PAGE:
Background Opioid Use Disorder (OUD) affects approximately 1% of the population. Despite the prevalence of OUD, it remains a highly stigmatized disorder. Using person-centered language (PCL) - and thereby emphasizing the significance of the person rather than their diagnosis - is a potential strategy to reduce stigma in medical research related to addiction. Thus, we aimed to determine adherence to PCL in OUD-related publications according to the American Medical Association’s guidelines. Methods We performed a systematic search for articles published between January 1, 2016 through December 31, 2020 using the PubMed database. Articles were randomized and screened until we reached 300 articles that met inclusion criteria. Three-hundred articles were screened to meet this goal. Articles were then screened for non-PCL terms, determined a priori. Results The majority (240/300; 80 %) of OUD-related publications were not adherent to the AMA guidelines on PCL. Additionally, the use of emotional language (i.e. suffer, afflicted, etc.) was employed in 48 % (145/300) of articles. Stigmatizing terminology was found in 73 % (218/300) of the OUD related articles in this study. Our study demonstrated a statistically significant correlation between senior author affiliation and adherence to reporting guidelines (i.e., PRISMA, STROBE, etc.). Conclusion A majority of OUD-related publications are not adherent to AMA guidelines on PCL. Language used in these publications is often repeated and replicated in medical education and clinical practice, which directly impacts patient-provider relationships. PCL-adherent language is a tool that both medical researchers and clinicians can use to combat stigma that individuals with OUD may experience.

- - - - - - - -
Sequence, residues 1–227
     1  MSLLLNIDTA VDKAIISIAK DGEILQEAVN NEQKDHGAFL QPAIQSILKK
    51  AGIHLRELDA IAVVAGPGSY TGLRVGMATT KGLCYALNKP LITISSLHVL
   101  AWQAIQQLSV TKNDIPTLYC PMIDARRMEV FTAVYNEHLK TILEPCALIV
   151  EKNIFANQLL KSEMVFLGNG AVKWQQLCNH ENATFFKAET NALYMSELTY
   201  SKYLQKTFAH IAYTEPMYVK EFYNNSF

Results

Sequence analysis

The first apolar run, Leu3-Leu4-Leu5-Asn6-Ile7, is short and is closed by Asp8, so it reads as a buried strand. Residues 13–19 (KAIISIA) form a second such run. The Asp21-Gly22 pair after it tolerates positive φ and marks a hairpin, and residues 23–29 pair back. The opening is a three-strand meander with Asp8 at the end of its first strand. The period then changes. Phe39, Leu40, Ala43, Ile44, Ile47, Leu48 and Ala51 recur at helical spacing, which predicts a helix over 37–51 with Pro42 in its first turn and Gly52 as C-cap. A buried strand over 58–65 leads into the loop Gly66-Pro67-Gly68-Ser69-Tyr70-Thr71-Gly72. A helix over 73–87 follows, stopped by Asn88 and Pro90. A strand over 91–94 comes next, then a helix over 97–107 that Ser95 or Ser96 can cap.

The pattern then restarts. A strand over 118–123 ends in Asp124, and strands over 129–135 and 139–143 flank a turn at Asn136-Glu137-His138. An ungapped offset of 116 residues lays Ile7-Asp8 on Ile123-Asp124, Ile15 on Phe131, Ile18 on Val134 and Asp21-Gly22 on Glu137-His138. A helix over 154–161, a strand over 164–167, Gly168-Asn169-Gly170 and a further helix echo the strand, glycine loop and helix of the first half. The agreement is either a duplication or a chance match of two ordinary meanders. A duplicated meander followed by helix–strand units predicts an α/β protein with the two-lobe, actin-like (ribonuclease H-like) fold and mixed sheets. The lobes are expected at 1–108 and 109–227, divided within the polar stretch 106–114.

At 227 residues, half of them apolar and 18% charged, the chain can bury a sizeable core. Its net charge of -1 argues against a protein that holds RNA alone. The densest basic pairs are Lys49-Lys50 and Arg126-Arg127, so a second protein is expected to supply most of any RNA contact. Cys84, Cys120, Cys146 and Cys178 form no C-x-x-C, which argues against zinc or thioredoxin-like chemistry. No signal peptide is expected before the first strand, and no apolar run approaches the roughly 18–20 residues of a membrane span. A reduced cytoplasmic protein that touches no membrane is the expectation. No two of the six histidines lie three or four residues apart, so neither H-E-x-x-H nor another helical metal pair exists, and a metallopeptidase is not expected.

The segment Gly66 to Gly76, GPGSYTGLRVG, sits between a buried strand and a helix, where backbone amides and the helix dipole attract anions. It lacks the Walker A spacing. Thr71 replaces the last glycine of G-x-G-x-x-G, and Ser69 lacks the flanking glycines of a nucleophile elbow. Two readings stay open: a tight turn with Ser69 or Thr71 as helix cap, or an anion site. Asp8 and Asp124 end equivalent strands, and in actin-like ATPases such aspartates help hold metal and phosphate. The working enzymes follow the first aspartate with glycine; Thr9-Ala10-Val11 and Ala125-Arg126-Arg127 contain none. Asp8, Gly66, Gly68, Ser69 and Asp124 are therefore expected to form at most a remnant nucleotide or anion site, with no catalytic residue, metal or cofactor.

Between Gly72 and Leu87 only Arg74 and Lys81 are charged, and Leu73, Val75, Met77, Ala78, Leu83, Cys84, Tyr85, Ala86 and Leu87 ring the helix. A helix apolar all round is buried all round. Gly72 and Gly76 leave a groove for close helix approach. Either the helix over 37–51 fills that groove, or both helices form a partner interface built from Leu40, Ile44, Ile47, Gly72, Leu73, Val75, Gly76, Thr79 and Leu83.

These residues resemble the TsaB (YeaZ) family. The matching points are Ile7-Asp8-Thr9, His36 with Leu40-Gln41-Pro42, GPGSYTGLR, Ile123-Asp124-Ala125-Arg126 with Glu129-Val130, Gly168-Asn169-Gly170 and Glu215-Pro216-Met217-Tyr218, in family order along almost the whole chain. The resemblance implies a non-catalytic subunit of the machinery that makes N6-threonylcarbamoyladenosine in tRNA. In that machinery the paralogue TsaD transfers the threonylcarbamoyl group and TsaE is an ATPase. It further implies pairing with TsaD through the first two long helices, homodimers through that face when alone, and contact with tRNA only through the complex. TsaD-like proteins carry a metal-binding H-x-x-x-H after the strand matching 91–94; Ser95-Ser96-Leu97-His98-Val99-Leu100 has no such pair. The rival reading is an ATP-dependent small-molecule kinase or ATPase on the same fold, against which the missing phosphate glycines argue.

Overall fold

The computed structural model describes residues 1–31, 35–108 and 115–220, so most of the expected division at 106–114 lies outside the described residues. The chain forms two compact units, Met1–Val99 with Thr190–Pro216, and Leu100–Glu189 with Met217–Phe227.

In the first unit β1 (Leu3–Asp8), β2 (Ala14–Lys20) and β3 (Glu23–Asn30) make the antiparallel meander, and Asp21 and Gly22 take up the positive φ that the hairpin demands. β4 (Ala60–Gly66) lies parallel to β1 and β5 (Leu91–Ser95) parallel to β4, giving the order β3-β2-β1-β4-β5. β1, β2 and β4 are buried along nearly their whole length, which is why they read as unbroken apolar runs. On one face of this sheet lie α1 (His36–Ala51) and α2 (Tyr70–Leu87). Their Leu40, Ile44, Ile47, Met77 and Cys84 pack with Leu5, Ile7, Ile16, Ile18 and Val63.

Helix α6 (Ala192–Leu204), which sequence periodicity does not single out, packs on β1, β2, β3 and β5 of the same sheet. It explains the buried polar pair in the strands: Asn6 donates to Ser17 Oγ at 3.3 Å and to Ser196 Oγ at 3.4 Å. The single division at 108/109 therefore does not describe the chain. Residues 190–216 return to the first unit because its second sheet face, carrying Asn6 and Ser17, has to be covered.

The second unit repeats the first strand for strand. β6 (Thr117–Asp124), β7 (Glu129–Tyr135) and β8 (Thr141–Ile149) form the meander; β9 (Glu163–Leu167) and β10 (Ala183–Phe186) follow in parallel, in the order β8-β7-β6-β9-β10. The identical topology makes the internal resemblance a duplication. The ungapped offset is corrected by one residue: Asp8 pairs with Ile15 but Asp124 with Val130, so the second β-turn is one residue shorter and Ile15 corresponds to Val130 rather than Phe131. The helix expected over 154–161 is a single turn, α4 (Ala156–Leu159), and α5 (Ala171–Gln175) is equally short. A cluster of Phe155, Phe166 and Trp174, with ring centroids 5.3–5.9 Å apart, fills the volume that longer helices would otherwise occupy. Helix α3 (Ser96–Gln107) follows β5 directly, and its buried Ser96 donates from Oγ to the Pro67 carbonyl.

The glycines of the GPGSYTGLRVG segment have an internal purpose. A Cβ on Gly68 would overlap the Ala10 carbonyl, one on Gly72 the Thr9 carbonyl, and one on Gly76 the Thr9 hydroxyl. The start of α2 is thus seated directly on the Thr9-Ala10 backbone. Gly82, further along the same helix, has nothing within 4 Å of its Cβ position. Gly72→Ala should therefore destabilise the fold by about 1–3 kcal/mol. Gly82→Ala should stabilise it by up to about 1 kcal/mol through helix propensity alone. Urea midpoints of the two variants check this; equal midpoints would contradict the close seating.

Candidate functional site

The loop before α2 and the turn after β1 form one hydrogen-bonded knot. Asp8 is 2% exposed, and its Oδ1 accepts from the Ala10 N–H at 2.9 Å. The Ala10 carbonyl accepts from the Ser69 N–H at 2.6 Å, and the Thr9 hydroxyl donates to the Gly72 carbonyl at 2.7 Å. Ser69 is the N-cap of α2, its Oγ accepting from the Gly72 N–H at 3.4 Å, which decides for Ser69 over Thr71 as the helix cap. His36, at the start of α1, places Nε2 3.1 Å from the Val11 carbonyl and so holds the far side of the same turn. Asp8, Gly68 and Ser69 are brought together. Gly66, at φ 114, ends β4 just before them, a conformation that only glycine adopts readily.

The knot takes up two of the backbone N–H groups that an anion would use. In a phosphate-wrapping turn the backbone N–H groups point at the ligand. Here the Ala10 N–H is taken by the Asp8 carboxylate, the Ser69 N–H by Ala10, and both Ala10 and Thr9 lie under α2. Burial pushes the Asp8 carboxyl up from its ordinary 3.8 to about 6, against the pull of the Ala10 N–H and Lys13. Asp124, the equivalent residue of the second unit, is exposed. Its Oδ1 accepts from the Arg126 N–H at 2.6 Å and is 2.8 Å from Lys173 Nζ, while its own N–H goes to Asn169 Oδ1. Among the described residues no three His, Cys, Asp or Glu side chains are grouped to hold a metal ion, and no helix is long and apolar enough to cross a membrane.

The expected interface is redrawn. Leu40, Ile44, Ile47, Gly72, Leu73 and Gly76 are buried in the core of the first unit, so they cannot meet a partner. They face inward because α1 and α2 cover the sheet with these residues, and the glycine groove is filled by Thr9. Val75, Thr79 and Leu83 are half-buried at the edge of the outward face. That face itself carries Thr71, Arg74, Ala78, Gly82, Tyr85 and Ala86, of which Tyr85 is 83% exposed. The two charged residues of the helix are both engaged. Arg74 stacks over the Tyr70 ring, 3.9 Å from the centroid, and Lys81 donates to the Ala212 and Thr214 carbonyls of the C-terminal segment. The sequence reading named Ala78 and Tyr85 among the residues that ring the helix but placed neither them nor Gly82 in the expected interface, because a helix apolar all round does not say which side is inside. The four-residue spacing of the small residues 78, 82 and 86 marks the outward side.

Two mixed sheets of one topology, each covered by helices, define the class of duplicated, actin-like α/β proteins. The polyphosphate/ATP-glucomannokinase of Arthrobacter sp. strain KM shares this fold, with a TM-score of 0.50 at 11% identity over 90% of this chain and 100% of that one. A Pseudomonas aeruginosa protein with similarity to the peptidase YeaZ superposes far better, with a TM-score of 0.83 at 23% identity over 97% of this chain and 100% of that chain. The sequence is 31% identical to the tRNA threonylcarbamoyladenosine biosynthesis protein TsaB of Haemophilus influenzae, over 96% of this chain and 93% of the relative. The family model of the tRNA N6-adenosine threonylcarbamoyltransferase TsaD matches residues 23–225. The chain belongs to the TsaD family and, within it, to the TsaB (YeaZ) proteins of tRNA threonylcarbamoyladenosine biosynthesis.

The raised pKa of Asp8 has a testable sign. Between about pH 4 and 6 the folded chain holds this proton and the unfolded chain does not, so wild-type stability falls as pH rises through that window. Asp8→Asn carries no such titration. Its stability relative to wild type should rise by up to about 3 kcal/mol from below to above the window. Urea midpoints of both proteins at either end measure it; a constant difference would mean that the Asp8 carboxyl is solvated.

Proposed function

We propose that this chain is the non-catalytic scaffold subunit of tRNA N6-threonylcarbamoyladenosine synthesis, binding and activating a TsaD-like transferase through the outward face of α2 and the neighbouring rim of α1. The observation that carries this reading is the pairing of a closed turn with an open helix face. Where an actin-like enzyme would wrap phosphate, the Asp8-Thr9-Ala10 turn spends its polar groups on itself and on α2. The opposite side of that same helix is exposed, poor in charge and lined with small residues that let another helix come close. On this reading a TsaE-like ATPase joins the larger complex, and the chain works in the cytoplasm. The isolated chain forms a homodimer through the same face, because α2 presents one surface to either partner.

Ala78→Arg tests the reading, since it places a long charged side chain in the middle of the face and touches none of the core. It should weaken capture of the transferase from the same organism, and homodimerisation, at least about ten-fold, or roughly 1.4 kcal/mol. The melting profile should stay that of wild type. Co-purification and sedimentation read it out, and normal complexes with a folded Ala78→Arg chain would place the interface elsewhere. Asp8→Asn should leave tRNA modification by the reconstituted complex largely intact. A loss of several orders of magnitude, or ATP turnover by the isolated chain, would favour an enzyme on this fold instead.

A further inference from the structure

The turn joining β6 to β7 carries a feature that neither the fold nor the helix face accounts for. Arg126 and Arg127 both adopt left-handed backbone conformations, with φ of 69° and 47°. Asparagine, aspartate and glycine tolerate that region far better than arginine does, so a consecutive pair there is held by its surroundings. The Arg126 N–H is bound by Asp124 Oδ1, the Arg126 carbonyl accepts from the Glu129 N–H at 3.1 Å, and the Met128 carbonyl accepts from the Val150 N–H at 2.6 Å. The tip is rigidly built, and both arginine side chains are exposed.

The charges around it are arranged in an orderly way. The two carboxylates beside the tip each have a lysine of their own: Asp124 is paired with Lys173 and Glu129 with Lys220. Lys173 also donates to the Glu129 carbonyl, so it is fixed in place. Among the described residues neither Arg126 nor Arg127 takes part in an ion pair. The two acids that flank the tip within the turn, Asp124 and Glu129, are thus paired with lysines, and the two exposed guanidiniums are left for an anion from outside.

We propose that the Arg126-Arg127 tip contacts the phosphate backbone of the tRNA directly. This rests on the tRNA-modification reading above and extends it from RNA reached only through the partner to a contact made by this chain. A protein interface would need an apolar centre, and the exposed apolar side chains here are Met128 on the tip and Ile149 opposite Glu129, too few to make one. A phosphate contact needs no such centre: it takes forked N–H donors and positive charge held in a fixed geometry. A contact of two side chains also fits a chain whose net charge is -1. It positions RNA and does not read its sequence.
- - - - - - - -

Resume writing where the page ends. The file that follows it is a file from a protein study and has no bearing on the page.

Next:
|Original language||American English|
|Journal||Drug and Alcohol Dependence|
|State||Published - 2021|
- Opioid use disorder
- Person-centered language
- Person-first language
- Inclusive language